Great art can do a lot of things. It can help relieve stress or anxiety, move a viewer to feel or see the world differently or even remind others of something from their past. Artist Samantha Clarke creates abstract art that can deliver all these and more. “Though my art never really follows a theme or central idea, sometimes a person will tell me that my art reminds them of something or a past memory,” says Clarke. “I’m glad my art sparked that for them.”
Rather than follow a preconceived theme or topic, Clarke focuses on color and the variances between different shapes, designs or compositions. “I go very deep into these approaches,” she says. “But sometimes I wonder if I am subconsciously trying to relay a message with my art. Maybe I am. I do not know,” she muses.
Either way, Clarke is meticulous with her color choices. She customizes all her own hues, mixing paint colors so that nothing is ever just straight from the bottle. “Even the basic colors of white or black are never just that,” she explains, “I make my own shades and every color has a touch of some other hue in it.” Clarke says this impacts the viewer’s experience of the painting too. “There’s nuanced detail to be seen there,” she says.
For Clarke, creating her art is meditative. “I can shut my brain down and create an escape for myself through art.” But slipping into art-making hadn’t always been so easy in the past. In 2020 Clarke had been pregnant with her second child, lost her job due to the pandemic and found herself at a crossroads. Unsure if she could return to making art after a long hiatus (she had studied printmaking at the University of Tennessee), she reached out to other St Louis creatives and nearby artists.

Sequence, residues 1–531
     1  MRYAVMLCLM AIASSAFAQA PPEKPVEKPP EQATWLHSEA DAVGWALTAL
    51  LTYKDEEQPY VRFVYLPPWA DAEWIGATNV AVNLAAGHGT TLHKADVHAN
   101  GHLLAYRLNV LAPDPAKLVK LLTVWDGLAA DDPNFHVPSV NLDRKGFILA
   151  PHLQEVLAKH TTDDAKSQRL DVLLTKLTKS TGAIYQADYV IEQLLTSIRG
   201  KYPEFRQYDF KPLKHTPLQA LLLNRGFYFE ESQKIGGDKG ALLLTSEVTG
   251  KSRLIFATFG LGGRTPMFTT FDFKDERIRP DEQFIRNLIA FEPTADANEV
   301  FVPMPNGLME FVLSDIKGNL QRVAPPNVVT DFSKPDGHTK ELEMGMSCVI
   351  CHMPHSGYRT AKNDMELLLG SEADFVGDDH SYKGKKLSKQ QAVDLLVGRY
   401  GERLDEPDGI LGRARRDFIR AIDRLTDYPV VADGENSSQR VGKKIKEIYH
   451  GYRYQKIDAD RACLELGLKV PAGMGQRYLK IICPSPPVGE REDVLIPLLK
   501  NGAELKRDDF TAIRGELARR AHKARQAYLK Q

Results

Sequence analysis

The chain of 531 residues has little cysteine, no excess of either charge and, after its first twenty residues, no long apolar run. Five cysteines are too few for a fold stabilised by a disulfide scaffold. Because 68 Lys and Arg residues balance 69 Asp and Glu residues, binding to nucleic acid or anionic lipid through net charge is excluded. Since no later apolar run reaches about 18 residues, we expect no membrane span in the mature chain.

In doing so, she formed Mother Art STL, a website where she shared her journey and interviews with other makers. Her work at Mother Art STL laid the groundwork for her segue back into art. But Clarke doesn’t think being a mom and an artist are mutually exclusive. “Being a mom is a fiber of who I am as an artist, but it isn’t the sole focus,” she says. “Just like how I am a painter, but I don’t limit myself to just that.”
Eager to explore other mediums, Clarke has tried mixed media, collages and print, all the while adding in glitter wherever she can. “I’ve also done some live art events, where guests can watch me make my art,” she says. “My art isn’t for everyone—it’s strong, colorful, impactful—but there are people that appreciate a chaotic use of color. And if that’s you, then I’m your artist,” she laughs.